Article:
Zimbabwe's white farmers are bracing themselves for a fresh wave of arrests today as President Mugabe's latest eviction deadline – issued on the heels of his defiant Earth Summit address – expires.
Police and government officials have ordered farmers in at least three provinces to leave their farms by 11am BST today or face eviction by the heavily armed Police Support Unit.
More than 2,500 farmers are refusing to hand over control of their farms, said Jenni Williams, a spokeswoman for the group Justice for Agriculture. "They feel they should remain, even if they are arrested," she said.
Mr Mugabe's first deadline expired a month ago today, and around 250 farmers were rounded up and arrested. More than 150 had their eviction orders overturned, but the government is ignoring the courts. "We don't know what the hell is happening," said Colin Shand, a farmer who is legally entitled to return home, but is afraid to do so.
The move comes just days after President Mugabe's triumphant return from the Earth Summit, where fellow African leaders cheered his defence of the controversial land grab.
In a rare interview with the foreign press in Harare, he said: "It's an approval of our position. A position of truth, as opposed to the British position of lies and dishonesty."
He said he was committed to distributing the land "fairly and justly", but a list of 500 high-profile beneficiaries of the land scheme released this week suggests that the best properties are destined for cronies and supporters.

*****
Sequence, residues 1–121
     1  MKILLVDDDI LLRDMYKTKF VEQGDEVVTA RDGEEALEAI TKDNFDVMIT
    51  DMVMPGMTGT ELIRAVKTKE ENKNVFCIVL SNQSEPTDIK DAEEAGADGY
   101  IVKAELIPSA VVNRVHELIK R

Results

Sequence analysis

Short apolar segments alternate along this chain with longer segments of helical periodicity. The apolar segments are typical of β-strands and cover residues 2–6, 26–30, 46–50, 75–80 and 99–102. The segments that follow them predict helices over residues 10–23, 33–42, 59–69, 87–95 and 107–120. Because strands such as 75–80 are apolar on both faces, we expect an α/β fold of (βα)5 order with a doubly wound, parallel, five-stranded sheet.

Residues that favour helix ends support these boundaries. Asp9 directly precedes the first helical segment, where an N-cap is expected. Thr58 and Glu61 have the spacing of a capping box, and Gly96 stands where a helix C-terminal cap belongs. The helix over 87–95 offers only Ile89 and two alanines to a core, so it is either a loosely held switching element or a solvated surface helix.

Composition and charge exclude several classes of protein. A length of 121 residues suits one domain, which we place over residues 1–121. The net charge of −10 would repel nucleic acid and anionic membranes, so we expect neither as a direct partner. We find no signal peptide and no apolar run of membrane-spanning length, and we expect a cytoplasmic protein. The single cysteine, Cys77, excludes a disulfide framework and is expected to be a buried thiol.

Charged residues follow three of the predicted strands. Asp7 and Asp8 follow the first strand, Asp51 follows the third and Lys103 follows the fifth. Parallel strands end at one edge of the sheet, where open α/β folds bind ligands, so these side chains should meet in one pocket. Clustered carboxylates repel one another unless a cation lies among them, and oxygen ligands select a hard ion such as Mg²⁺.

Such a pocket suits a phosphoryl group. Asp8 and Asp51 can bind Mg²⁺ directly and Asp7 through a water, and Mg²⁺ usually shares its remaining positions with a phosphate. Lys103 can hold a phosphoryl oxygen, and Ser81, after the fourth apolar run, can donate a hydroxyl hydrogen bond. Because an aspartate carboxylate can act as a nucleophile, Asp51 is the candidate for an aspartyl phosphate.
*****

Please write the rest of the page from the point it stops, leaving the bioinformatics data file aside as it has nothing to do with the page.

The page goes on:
As well as government ministers, police and army officers and war veterans, large farms have been earmarked for a gospel singer, journalists with the state Zimbabwe Broadcasting Corporation and Dr Mthuli Ncube, a finance lecturer at the London School of Economics.
With over six million Zimbabweans facing possible famine, international pressure on Mr Mugabe is mounting fast. The US has openly admitted it is supporting a change of regime. In Zimbabwe, support for Mr Mugabe is low, but some criticise white farmers for remaining socially and politically isolated for most of the post-independence period.
White farmers were "the hardest community to reach with the gospel" until the land invasions started three years ago, said the Rev Tim Neill, a white Anglican minister and prominent Mugabe critic. He recalled going to see one rich farmer in 1991, when tobacco prices were high. The man lived in a fine house, kept polo ponies and piloted his own airplane. In contrast, his farm workers earned rock-bottom wages and lived in a "disgusting" compound below his house. But when Mr Neill asked the man to improve their conditions, he refused.
Recently, the same farmer phoned Mr Neill. "Now he wants to know what I" – the churchman's voice rose angrily – "am going to do about his rights. Maybe he should have thought about that then."
Others point out that many farmers provided school and health facilities for their staff, while some whites are active in human rights, the judiciary, and the independent press.
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